MOOREFIELD, W.Va. — The attorney representing a group of Hardy County residents said he is filing a petition to oust J. Michael Teets, president of the Hardy County Commission and Commissioner William E. Keplinger Jr.
In an interview Friday, attorney David Judy said the 30-page petition with a 200-page attachment would be filed in Circuit Court Monday.
“We have 700 signatures on the petition. We’re going to get them off the commission and make the ordinance go away,” Judy said.
Two of the issues being addressed include the passing of a special emergency ambulance service fee ordinance of $120 a year, and the purchase of a $1.13 million building to house the ambulance/rescue squads.
The voting originators of the petition feel the commissioners acted without public input and public approval.
Judy said he was hired to get the two commissioners removed from office. “That is my job and that is what I intend to do,” he said.
“It is hard to remove public officials from office. However I think the evidence will show they certainly never had a public meeting. There is nowhere in the minutes where a public meeting was ever considered.”
Commissioner A.J. Wade said two meetings were held sometime in July.
“Over 100 people attended the first public meeting. Based on the comments the people were very much opposed to the ordinance,” Wade said.
Wade said approximately 90 people attended the second meeting and they too were very much opposed.
Judy said the seven-page ordinance passed but was never voted on in a public meeting.
The petition to remove both commissioners claims official misconduct, malfeasance and neglect of duty in the processes of passage of the “Special Emergency Ambulance Service Fee Ordinance” by waste of public funds, violating the public trust, ethical violations of office and disregarding the will of the public and for other causes provided by statue (voting outside of agenda and meeting outside published meeting, taxing against the will of the public).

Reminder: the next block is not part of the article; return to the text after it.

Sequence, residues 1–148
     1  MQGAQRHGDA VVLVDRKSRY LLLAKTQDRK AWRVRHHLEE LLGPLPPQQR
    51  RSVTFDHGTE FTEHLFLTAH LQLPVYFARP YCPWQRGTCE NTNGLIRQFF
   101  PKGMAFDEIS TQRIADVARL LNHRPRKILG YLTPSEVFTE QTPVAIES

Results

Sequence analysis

“This has been a real mess,” said Teets in an interview Friday evening,
Teets said it all started two or three years ago when the existing rescue squad was found billing Medicare incorrectly.
“As a result they were fined $1 million, which caused them to go bankrupt,” Teets said.
There has been no mention as to why the billing was done incorrectly or who was to blame for the errors.
Regardless, Teets said the county needs ambulance service.
Speaking of the petition, Teets said, “They are trying to make this situation worse than it is. There are more voters in favor of the $120 a year fee than against.”
Wade isn’t part of the legal action, nor is he in favor of the ordinance or purchase of the building.
“I refused to sign the special ordinance. I’m very much opposed to the manner in which it was (implemented),” Wade said.
“I also voted against the purchase of the building.”
Wade said the commission met on July 16, where a motion was made not to purchase the building and not to impose the ordinance.
“Then on Aug. 2 a motion was made to buy the building and impose the fee. It passed. I voted against it. That was a 180 degree turn around in a two week period,” Wade said.
“I don’t understand why the sudden change. That is what has caused this whole controversy.”
The $1.13 million building, Wade said, was designed as a fire or ambulance station. It is currently being repaired and remodeled.
Regarding the ordinance fee, Wade said, it applies to households but does not apply to businesses like Pilgrim’s Pride.
“I think that is wrong. I also think if we’re going to have a means of collecting or raising money for an ambulance service the proper thing would be a levy rather than a fee,” Wade said.
Teets said Wade is against everything that has to do with the building and the ambulance service.
The number of names needed to initiate removal of the two commissioners is unclear.
“The law says to initiate a proceeding of removal a petition has to have at least 1 percent of the voters. We have 4,500 voters. One percent would be 450 signatures,” Wade said.
However Teets said the figures are calculated on the voters that voted in the last election, which would change that number. He said he wasn’t sure how much it would change.
“The only thing I know is that we haven’t done anything wrong. I am going to do everything I can to provide this service to our people,” Teets said.